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Poster E88

Neural underpinnings of musicians’ enhanced continuity illusion for both speech and music

Poster Session E - Monday, April 15, 2024, 2:30 – 4:30 pm EDT, Sheraton Hall ABC

Alejandra E Santoyo1, Kristina C Backer1, Daniel J Levitin2, Dulce K Pimental-Hurlburt1, Antoine J Shahin1; 1UC Merced, 2McGill University

The continuity illusion is an auditory phenomenon in which a sound stimulus is perceived as continuous through noise-filled interruptions. Enhanced continuity perception has been shown to be indexed neurophysiologically by reduced auditory theta (4-8 Hz) power and phase-locking as well as enhanced beta (14-30 Hz) power following interruption onsets/offsets. Using segments of classical music and trisyllabic words, we examined the behavioral and EEG responses to the continuity illusion in musicians (n =14) and non-musicians (n =16). Individuals identified whether the auditory stimuli sounded continuous or interrupted. We hypothesized that musicians’ enhanced ability to detect acoustic gaps would diminish their ability to experience the continuity illusion, and in turn exhibit less aforementioned theta and beta changes than non-musicians. Contrary to our predictions, behaviorally, musicians perceived continuity significantly more than the non-musicians for music and speech equally. EEG oscillatory results indicated that musicians exhibited more suppressed theta phase-locking and spectral power to interruption boundaries than non-musicians for both music and speech. Moreover, musicians exhibited greater motor alpha power for music and speech, and stronger motor beta power for speech only, suggesting a gating mechanism of motor activation in musicians to aid the integration of noise and speech—thereby, enhancing the continuity illusion. Our findings indicate that musical training transfers to spoken language perception via neuroplastic adaptations to auditory-motor networks.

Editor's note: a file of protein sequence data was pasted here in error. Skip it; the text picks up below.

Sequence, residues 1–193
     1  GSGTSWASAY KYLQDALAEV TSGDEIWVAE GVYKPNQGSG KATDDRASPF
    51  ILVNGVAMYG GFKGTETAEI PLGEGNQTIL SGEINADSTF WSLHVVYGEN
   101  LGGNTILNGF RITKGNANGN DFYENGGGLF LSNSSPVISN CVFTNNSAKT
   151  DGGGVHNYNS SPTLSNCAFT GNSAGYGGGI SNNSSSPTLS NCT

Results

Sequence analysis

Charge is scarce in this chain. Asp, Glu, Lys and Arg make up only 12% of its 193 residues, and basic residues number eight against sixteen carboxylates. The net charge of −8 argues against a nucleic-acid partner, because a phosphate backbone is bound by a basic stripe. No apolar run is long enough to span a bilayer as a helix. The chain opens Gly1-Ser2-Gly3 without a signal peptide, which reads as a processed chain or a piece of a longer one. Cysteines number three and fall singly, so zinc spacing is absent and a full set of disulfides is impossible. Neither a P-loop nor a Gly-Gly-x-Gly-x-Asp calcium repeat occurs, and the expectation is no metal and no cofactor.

Topic Area: PERCEPTION & ACTION: Audition


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